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Ecological consequences of the MPB epidemic for habitats and populations of wildlife [Chapter 5]

Posted date: September 04, 2014
Publication Year: 
2014
Publication Series: 
Proceedings (P)
Source: In: Matonis, M.; Hubbard, R.; Gebert, K.; Hahn, B.; Miller, S.; Regan, C. Future Forests Webinar Series, Webinar Proceedings and Summary: Ongoing Research and Management Responses to the Mountain Pine Beetle Outbreak. Proceedings RMRS-P-70. Fort Collins, CO: U.S. Department of Agriculture, Forest Service, Rocky Mountain Research Station. p. 39-48.
Note: This article is part of a larger document.

Abstract

Wildlife biologists must balance a diverse array of ecological and social considerations in managing species and habitats. The challenges of managing species and habitats in dynamic landscapes are influenced by diverse factors, including natural disturbances, vegetation development, and anthropogenic-mediated changes, such as climate change, management activities, and land use. Mountain pine beetles (MPBs) can be viewed as an ecosystem engineer - a species that both directly and indirectly shapes landscapes by altering the composition, structure, and function of ecosystems. Although native wildlife species co-evolved with natural disturbances such as MPB outbreaks, in the shorter term these changes simultaneously create and eliminate certain habitats. Additionally, changes to ecosystems from MPB outbreaks interact with other processes such as fire, nutrient cycling, and sedimentation to further alter habitats.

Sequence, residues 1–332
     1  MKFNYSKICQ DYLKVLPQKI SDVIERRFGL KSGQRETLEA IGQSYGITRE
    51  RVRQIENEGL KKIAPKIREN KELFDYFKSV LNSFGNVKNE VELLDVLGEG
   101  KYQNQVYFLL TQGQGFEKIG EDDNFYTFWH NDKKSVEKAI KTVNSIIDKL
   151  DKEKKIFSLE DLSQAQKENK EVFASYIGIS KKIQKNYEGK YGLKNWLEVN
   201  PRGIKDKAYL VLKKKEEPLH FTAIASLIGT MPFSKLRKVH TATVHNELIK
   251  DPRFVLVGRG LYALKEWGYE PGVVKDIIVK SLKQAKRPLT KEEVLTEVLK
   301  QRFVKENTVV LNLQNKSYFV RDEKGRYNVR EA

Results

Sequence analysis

Citation

Hahn, Beth; Saab, Vicki; Bentz, Barbara; Loehman, Rachel; Keane, Bob. 2014. Ecological consequences of the MPB epidemic for habitats and populations of wildlife [Chapter 5]. In: Matonis, M.; Hubbard, R.; Gebert, K.; Hahn, B.; Miller, S.; Regan, C. Future Forests Webinar Series, Webinar Proceedings and Summary: Ongoing Research and Management Responses to the Mountain Pine Beetle Outbreak. Proceedings RMRS-P-70. Fort Collins, CO: U.S. Department of Agriculture, Forest Service, Rocky Mountain Research Station. p. 39-48.